Shaker Heights Revolt Against Highways

Masters thesis by Megan Lenore Chew, Ohio State Universaity, 2009

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Shaker Heights’ Revolt Against Highways.

This narrative details how highway building, environmentalism, race and class intersected in suburban Shaker Heights, Ohio, during the 1960s. The methodology combines local, environmental, political and social histories. While the city’s successful racial integration narrative has defined Shaker Heights, its class narrative is also significant. The unsuccessful attempts to build the Clark and Lee freeway through the eastern suburbs of Cleveland reveal important aspects of the class narrative and had national resonance, directly and indirectly connecting to important individuals and movements of the era. The success of the anti-freeway movement adds to Shaker’s atypical postwar social narrative. Part of a larger movement of freeway revolts, the Shaker Heights activists benefited from class advantages, political connections and the evolution of Interstate highway legislation since 1956. Activists benefited from built and natural environmental movements of the 1960s as well. In succeeding in preventing the highways, citizens managed to protect the suburb’s prewar character during an era of massive physical and social change. Rejecting an archetypal view of suburbs in the postwar era, this project stresses the importance of looking at the variability of actions, individuals and ideas within individual communities. Singular narratives of postwar suburbs, or of suburbs themselves, obscure these differences and prioritize certain narratives over others, including the narrative of this project. Advisors/Committee Members: Childs, William.

Carl Hirsch, Architect of WMMS’ Heyday, Dead at 64 (Cleveland Scene)

Courtesy of Cleveland Scene March 1, 2011

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Carl Hirsch, Architect of WMMS’ Heyday, Dead at 64

Former Cleveland radio executive Carl Hirsch died suddenly Monday of a heart attack in Florida, where he had been living in recent years. He was 64.

Hirsch was president/CEO of Malrite, WMMS-FM’s parent company, from 1974-1985, the years in which WMMS became the most influential rock station in the country. He ran Legacy Broadcasting from 1986-1990. In the 1990s, he was president and CEO of OmniAmerica, which made WMJI-FM one of Cleveland’s dominant stations. In 1999 he founded NextMedia, which owns and operates broadcast properties around the country. Most recently, he had been doing consulting through his Legacy Management Group.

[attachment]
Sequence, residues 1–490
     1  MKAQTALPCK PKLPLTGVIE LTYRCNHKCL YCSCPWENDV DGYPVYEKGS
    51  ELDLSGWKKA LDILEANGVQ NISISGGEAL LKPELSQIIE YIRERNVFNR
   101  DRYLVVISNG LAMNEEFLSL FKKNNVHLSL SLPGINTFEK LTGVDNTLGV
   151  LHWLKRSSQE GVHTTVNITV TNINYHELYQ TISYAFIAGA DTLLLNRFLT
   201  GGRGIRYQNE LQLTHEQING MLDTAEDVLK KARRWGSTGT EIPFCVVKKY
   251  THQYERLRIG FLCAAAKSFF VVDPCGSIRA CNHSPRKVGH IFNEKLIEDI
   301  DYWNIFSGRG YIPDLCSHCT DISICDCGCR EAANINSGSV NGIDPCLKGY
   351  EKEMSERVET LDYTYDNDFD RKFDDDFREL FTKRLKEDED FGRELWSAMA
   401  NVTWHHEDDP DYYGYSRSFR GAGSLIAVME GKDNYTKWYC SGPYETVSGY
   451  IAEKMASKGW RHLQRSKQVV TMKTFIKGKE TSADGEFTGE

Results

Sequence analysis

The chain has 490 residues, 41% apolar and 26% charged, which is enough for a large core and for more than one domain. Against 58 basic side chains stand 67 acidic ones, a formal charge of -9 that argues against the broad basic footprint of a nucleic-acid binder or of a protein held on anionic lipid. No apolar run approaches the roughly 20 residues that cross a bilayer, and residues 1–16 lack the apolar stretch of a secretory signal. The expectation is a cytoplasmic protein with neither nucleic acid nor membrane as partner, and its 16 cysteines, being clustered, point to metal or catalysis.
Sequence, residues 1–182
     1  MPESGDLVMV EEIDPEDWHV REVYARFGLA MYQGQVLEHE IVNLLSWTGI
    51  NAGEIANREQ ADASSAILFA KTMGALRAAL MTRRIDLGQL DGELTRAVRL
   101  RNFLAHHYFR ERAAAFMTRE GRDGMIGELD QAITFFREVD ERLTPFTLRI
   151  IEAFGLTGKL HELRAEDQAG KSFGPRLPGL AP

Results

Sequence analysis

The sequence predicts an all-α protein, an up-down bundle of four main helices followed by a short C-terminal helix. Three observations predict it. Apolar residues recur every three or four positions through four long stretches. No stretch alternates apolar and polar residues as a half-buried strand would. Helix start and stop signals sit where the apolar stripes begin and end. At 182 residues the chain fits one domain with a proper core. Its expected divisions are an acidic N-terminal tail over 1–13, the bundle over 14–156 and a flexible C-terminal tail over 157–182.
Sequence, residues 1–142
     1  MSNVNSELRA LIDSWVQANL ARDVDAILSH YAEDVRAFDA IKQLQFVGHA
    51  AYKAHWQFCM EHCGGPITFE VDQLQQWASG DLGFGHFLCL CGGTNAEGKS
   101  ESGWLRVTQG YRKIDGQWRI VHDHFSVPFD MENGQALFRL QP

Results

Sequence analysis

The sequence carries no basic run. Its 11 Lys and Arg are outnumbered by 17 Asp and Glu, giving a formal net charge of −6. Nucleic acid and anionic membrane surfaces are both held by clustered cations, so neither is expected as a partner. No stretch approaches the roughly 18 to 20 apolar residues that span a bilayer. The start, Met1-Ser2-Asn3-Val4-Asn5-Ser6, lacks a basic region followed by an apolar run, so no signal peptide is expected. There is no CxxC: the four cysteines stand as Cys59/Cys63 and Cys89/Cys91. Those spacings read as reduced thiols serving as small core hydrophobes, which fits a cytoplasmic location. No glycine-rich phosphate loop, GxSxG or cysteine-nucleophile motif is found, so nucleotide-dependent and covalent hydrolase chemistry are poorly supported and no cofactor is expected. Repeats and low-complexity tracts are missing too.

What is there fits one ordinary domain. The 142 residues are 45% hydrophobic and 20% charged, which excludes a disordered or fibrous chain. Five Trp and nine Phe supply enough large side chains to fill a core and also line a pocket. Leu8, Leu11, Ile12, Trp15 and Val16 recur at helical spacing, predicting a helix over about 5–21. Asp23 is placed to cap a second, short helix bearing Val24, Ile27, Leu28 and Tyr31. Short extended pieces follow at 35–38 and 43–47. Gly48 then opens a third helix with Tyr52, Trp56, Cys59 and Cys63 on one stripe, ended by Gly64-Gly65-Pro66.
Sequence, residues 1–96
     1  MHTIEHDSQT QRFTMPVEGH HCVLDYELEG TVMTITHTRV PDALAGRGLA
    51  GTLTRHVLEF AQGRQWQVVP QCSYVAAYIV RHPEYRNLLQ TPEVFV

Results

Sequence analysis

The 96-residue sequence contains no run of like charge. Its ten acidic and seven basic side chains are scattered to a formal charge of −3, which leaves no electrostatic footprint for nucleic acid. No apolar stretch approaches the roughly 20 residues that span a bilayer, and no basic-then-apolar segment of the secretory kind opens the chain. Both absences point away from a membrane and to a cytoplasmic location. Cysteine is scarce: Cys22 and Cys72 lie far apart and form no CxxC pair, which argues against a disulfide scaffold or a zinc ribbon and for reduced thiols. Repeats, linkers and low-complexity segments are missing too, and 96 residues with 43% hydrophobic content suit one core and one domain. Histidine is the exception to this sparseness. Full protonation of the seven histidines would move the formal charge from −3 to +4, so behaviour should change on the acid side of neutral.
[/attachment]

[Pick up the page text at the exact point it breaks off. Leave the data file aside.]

“There wouldn’t have been a WMMS without him,” says John Gorman, who was the station’s program director during its glory years. “The only thing he demanded of you was that you be as creative and innovative as possible. He didn’t ask a whole lot of questions. He just said, ‘Go out and do something that hasn’t been done before.’”

WMMS was legendary for its cohesive, stable staff of talent — unusual in radio, with long-running personalities like Denny Sanders, Matt the Cat, Kid Leo, Betty Korvan, Jeff Kinsbach, and Ed “Flash” Ferenc. “Carl was a big reason why that staff not only stuck together 12-13 years,” says Gorman. “It wasn’t like coming to work. It was like walking into a start-up. People were coming up with crazy, creative ideas nonstop.”

“He was the right man at the right time to take over the upper management of the radio station,” says Denny Sanders. “He was young; he understood what we were doing in programming and marketing more than the ownership itself. He possessed a certain dynamism that was infectious.”

Gorman also points to how Hirsch took Malrite, a small, Cleveland-based broadcasting company, and built it up, adding television and cable to its portfolio. “He bought a little station in New Jersey, WVNJ, that played what he used to call ‘chicken jazz,’ and turned it into Z100. He made it the biggest top 40 station in the nation, and he did it in one month — one ratings book. That was the way he was.”

Hirsch was also known for his philanthropy. He was generous to his alma mater, Kent State University, giving $500,000 for the Carl E. Hirsch Media Convergence Lab. Last year he gave $1 million to the Cleveland Clinic Florida Health and Wellness Center, its largest single donation ever, which named its main lobby was named after him. — Anastasia Pantsios